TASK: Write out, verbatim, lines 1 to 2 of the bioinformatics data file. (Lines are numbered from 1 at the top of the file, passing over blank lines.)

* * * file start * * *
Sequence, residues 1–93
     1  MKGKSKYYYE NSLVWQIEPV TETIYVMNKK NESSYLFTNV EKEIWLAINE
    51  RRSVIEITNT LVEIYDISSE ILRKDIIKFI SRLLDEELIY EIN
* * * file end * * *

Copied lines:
Sequence, residues 1–93
     1  MKGKSKYYYE NSLVWQIEPV TETIYVMNKK NESSYLFTNV EKEIWLAINE